1. Jesse Eisenberg will play Lex Luthor, Superman’s classic arch-enemy, in the new, untitled Superman-Batman movie, Warner Bros. announced on Friday.
If Eisenberg seems surprisingly young for the role, he is the same age — 30 — as the actor playing Superman, Henry Cavill. And Eisenberg certainly knows from playing a genius billionaire prodigy who finds himself at odds against a taller, more classically handsome adversary, having earned an Oscar nomination for playing Facebook founder Mark Zuckerberg in 2010’s The Social Network.
In the studio’s announcement, director Zack Snyder called Lex Luthor “a complicated and sophisticated character whose intellect, wealth and prominence position him as one of the few mortals able to challenge the incredible might of Superman.” Snyder indicated that by casting Eisenberg, he plans to take the character “in some new and unexpected directions.”
LexCorp. has traditionally been a global conglomerate in the many different iterations of Superman in popular culture, and if that remains the case in the sequel, it suggests that Eisenberg’s 30-year-old Lex Luthor did not build the company on his own. Perhaps he inherited it from his father, Lionel Luthor, a character first introduced in the 2001–2011 TV series Smallville?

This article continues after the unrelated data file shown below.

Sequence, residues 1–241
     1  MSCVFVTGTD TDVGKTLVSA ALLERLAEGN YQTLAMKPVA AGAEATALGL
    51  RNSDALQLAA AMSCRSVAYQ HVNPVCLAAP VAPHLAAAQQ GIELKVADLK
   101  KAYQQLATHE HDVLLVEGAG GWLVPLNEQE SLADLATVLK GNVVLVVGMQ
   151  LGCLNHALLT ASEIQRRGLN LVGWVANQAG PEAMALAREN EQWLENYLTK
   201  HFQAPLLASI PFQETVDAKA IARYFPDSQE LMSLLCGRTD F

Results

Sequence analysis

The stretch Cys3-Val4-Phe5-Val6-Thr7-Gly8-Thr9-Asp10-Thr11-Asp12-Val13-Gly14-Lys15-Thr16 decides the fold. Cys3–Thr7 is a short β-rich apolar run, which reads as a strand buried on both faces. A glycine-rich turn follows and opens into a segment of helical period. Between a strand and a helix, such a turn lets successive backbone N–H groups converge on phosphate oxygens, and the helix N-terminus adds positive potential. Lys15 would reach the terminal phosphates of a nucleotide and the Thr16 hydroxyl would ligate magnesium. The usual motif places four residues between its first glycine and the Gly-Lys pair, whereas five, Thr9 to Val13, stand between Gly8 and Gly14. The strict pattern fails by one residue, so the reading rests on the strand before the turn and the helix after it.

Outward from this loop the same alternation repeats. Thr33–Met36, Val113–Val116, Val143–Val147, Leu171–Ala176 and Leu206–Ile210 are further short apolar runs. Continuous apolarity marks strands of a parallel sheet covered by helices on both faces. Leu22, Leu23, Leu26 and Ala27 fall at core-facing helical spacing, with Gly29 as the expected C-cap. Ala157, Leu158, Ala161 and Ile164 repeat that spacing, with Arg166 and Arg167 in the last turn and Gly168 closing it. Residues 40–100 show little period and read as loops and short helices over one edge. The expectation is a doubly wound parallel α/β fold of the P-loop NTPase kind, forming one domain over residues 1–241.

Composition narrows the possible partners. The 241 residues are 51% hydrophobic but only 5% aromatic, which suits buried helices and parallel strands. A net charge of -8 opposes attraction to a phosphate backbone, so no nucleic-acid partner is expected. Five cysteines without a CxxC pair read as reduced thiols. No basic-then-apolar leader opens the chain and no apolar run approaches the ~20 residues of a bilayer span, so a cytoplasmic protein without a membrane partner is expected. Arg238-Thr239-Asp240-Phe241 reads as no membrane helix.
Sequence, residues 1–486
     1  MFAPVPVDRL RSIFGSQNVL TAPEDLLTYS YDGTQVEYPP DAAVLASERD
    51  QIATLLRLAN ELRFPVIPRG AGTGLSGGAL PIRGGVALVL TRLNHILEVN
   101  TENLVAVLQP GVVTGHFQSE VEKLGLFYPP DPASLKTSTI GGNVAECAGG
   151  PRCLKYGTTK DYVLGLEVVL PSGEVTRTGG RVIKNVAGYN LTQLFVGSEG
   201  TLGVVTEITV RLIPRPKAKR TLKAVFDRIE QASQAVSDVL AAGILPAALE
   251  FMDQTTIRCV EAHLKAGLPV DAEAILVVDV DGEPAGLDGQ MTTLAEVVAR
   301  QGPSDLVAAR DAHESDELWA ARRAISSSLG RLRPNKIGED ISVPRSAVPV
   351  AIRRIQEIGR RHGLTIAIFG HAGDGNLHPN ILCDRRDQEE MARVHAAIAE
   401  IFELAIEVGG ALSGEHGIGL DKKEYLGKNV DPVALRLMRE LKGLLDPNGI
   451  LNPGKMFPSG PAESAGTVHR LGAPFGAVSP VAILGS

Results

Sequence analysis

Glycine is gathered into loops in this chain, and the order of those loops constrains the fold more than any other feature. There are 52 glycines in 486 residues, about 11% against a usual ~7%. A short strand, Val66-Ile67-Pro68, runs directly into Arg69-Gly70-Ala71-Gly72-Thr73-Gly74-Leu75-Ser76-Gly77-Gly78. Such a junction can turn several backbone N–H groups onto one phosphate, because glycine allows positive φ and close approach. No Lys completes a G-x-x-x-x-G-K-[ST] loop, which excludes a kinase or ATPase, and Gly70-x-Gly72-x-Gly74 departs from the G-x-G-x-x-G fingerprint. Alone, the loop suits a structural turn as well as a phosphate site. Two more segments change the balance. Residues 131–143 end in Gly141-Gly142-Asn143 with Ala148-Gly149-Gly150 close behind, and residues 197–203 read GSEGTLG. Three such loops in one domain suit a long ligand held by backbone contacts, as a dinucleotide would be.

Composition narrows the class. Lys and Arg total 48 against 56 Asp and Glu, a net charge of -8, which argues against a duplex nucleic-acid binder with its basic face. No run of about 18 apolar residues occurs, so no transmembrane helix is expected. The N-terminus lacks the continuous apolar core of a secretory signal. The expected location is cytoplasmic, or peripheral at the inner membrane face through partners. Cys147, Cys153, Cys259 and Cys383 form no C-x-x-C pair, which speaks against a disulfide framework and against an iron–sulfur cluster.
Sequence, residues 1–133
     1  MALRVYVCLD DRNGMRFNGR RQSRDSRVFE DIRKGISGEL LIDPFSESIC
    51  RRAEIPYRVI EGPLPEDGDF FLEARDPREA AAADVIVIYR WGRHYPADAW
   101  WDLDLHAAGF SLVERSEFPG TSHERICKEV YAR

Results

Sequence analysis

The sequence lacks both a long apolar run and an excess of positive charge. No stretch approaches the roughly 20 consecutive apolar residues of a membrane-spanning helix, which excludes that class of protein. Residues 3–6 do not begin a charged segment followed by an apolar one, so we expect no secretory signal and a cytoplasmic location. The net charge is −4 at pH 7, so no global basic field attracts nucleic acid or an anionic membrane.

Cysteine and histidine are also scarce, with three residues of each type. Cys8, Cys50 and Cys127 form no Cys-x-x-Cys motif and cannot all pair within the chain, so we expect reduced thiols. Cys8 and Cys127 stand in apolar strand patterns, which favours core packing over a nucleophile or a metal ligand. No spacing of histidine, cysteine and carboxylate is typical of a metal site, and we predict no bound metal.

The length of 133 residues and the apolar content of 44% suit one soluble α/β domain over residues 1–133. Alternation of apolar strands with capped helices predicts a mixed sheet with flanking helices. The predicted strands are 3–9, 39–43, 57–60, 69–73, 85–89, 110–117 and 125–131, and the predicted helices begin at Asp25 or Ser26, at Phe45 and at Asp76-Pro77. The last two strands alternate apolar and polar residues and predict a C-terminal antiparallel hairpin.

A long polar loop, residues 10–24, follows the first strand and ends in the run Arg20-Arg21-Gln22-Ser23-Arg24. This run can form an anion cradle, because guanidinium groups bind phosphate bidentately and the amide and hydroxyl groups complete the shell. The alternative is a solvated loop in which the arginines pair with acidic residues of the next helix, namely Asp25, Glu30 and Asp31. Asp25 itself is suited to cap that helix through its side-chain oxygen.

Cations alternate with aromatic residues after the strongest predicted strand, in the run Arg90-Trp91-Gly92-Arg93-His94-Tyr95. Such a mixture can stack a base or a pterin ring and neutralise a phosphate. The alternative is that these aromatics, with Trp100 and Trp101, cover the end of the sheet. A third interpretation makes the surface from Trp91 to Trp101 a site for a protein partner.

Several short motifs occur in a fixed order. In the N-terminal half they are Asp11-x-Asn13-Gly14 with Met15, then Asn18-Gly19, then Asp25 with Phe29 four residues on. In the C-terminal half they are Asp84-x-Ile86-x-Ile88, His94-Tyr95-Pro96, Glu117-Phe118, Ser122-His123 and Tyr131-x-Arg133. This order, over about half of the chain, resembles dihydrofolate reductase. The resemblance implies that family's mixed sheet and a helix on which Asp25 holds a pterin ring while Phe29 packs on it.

4. Actor Jeremy Irons, meanwhile, will play Alfred, the loyal butler to Bruce Wayne, a.k.a. Batman (Ben Affleck).
Irons won an Oscar for 1990’s Reversal of Fortune and should bring the kind of deep reserves of knowledge and forbearance we’ve come to expect in the role, most recently played by Michael Caine in the Dark Knight trilogy.
Warner Bros. recently pushed the release date for the Superman/Batman film — which will also feature Gal Gadot as Wonder Woman/Diana Prince — from July 17, 2015, to May 6, 2016, so Snyder and his team could “realize fully their vision, given the complex visual nature of the story.”
- South Korean President Park Geun-hye has apologized for negligence after lawmakers impeached her over a corruption scandal.
- Donald Trump will remain an executive producer on NBC's "The Celebrity Apprentice" while he's president.
- More than 1,000 Russian athletes — including four gold medalists — have been involved in a doping conspiracy, a new report says.
- Uber finally laid out hard rules for riders: Please, no guns, sex, or barfing 🚗 ❌